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Thoralf M. Sundt Jr., Frank W. Sharbrough, Robert E. Anderson and John D. Michenfelder

✓ Ninety-three endarterectomies for carotid stenosis were monitored with cerebral blood flow (CBF) measurements, and 113 with both CBF measurements and a continuous electroencephalogram (EEG). Significant CBF increase occurred only when carotid endarterectomy was for a stenosis greater than 90%. A high correlation between CBF and EEG indicated when a shunt was required. To sustain a normal EEG, the CBF ascertained by the initial slope technique must be 18 ml/100 gm/min at an arterial carbon dioxide tension (PaCO2) of 40 torr. The degree of EEG change below this level during occlusion reflected the severity of reduced blood flow and was reversible with replacement of a shunt. The value and limitations of these monitoring techniques and a concept of ischemic tolerance and critical CBF are discussed.

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Ronald L. Wolf, Robert J. Ivnik, Kathryn A. Hirschorn, Frank W. Sharbrough, Gregory D. Cascino and W. Richard Marsh

✓ Decreased memory and learning efficiency may follow left temporal lobectomy. Debate exists as to whether the acquired deficit is related to the size of the surgical resection. This study addresses this question by comparing changes in cognitive performance to the extent of resection of both mesial temporal structures and lateral cortex.

The authors retrospectively reviewed 47 right-handed patients who underwent left temporal lobectomy for medically intractable seizures. To examine the effects of the extent of mesial resection, the patients were divided into two groups: those with resection at the anterior 1 to 2 cm of mesial structures versus those with resection greater than 2 cm. To examine the effects of the extent of lateral cortical resection, patients were again divided into two groups: those with lateral cortex resections of 4 cm or less versus those with resections greater than 4 cm.

Statistical analyses showed no difference in cognitive outcome between the groups defined by the extent of mesial resection. Likewise, no difference in cognitive outcome was seen between the groups defined by the extent of lateral cortical resection. Associated data analyses did, however, reveal a negative correlation of cognitive change with patient age at seizure onset. These results showed that the neurocognitive consequences of extended mesial resections were similar to those of limited mesial resections, and that the neurocognitive consequences of extended lateral cortical resections were similar to those of limited lateral cortical resections. The risk of cognitive impairment depends more on age at seizure onset than on the extent of mesial or lateral resection.

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Fredric B. Meyer, W. Richard Marsh, Edward R. Laws Jr. and Frank W. Sharbrough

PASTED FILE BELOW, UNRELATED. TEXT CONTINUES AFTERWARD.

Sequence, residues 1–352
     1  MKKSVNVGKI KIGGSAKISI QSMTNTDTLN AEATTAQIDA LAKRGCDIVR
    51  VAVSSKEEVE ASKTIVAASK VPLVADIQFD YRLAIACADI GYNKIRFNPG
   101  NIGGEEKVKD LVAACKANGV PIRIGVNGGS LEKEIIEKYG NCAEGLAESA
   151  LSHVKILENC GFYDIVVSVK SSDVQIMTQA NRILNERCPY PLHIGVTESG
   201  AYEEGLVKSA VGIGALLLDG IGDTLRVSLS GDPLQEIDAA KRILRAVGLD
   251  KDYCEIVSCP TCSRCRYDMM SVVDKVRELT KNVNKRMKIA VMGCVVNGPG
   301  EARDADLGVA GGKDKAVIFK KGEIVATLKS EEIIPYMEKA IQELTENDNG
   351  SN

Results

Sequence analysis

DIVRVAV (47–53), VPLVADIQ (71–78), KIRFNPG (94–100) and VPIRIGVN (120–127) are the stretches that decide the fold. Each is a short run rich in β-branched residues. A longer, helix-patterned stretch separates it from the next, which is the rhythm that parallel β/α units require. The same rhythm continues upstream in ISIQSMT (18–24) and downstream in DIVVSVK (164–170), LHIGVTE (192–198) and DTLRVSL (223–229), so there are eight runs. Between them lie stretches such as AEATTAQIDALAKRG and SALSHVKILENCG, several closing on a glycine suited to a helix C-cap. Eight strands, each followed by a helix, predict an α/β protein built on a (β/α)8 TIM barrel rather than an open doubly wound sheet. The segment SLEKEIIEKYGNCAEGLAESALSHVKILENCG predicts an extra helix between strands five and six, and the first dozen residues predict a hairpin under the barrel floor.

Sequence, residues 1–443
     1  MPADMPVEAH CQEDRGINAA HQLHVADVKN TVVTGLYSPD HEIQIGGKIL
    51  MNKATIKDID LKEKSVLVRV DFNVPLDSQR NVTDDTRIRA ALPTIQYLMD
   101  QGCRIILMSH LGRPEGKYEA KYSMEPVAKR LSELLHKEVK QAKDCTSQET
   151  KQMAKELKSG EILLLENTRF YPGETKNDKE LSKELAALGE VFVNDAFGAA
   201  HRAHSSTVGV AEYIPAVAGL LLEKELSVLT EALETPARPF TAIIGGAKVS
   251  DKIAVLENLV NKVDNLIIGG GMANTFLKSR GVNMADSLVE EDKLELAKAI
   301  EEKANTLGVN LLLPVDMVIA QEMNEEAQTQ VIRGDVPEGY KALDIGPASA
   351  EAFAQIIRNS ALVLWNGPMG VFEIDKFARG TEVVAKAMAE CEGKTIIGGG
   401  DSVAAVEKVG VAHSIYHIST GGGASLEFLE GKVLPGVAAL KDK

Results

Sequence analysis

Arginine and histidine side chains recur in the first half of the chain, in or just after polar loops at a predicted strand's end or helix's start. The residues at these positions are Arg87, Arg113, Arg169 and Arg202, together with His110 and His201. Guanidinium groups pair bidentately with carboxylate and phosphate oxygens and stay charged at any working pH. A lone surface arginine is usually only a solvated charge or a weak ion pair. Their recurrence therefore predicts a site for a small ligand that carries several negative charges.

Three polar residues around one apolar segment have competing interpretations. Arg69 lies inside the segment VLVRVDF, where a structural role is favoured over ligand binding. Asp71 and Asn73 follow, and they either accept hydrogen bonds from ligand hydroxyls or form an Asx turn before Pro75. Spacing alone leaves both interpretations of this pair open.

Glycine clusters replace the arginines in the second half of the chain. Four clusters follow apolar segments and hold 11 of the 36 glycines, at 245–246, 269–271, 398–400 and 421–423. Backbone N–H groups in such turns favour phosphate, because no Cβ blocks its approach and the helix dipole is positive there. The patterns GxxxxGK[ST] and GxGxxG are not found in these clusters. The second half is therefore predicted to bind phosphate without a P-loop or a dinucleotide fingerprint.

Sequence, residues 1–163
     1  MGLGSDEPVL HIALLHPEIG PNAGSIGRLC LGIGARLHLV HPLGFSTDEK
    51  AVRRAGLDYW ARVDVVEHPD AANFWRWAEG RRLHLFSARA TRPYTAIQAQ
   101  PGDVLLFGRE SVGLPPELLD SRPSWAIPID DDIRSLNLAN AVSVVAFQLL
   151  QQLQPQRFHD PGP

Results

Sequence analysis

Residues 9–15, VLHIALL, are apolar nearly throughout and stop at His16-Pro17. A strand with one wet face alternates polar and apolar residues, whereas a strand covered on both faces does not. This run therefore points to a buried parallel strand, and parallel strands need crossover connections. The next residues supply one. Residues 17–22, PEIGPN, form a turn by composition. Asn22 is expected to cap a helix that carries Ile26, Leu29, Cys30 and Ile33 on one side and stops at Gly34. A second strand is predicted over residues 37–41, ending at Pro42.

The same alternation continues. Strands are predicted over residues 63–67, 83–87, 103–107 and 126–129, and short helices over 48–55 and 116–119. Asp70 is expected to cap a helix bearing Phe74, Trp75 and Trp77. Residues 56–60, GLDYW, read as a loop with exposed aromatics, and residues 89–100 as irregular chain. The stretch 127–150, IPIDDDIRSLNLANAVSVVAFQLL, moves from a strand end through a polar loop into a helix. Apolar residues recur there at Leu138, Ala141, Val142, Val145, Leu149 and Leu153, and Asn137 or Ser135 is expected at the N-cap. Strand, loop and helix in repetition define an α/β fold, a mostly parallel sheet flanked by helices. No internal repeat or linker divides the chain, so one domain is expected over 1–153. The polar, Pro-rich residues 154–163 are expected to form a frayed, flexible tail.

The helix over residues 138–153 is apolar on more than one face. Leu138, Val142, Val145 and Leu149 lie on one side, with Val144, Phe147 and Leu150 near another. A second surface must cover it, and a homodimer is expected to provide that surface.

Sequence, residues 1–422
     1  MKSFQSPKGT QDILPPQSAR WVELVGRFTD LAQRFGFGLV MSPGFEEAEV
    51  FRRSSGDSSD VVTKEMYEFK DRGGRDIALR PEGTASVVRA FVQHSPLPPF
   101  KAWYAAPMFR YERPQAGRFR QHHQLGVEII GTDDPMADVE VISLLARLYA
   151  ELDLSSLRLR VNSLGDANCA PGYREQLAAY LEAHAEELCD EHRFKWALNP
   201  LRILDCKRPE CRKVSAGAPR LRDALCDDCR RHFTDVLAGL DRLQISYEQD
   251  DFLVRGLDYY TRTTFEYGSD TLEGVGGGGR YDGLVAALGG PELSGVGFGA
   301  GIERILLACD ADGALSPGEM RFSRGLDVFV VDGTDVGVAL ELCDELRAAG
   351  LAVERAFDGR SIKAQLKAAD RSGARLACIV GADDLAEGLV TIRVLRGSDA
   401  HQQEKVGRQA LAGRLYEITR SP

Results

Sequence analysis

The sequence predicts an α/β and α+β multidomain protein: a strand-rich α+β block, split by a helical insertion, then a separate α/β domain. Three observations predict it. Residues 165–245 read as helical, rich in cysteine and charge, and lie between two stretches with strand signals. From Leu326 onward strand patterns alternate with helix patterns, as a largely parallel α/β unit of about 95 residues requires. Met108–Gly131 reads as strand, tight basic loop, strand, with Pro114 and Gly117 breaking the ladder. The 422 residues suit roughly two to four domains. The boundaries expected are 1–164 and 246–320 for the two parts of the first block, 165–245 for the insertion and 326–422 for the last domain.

✓ The results of temporal lobectomy for medically refractory seizures are analyzed in 29 boys and 21 girls with a mean age of 15.8 years. The average age at onset of seizures was 7.5 years, and the time between onset and surgery averaged 8.3 years. Postoperatively, 27 patients (54%) were seizure-free, 12 patients (24%) had only occasional auras without loss of consciousness, five patients (10%) had fewer seizures, and six (12%) were unchanged. Therefore, 78% were essentially seizure-free and 88% benefited significantly from the operation. There was no significant change in the Wechsler Intelligence Scale scores before and after surgery; however, the shorter the time between seizure onset and surgery, the greater the likelihood of improvement in verbal and perceptual intelligence quotient. Social outcome was significantly improved, and a large percentage of patients were either in school or actively employed. Early consideration of temporal lobectomy in children with medically refractory seizures is recommended.

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Thoralf M. Sundt Jr., Frank W. Sharbrough, Robert E. Anderson and John D. Michenfelder

✓ Ninety-three endarterectomies for carotid stenosis were monitored with cerebral blood flow (CBF) measurements, and 113 with both CBF measurements and a continuous electroencephalogram (EEG). Significant CBF increase occurred only when carotid endarterectomy was for a stenosis greater than 90%. A high correlation between CBF and EEG indicated when a shunt was required. To sustain a normal EEG, the CBF ascertained by the initial slope technique must be 18 ml/100 gm/min at an arterial carbon dioxide tension (PaCO2) of 40 torr. The degree of EEG change below this level during occlusion reflected the severity of reduced blood flow and was reversible with replacement of a shunt. The value and limitations of these monitoring techniques and a concept of ischemic tolerance and critical CBF are discussed.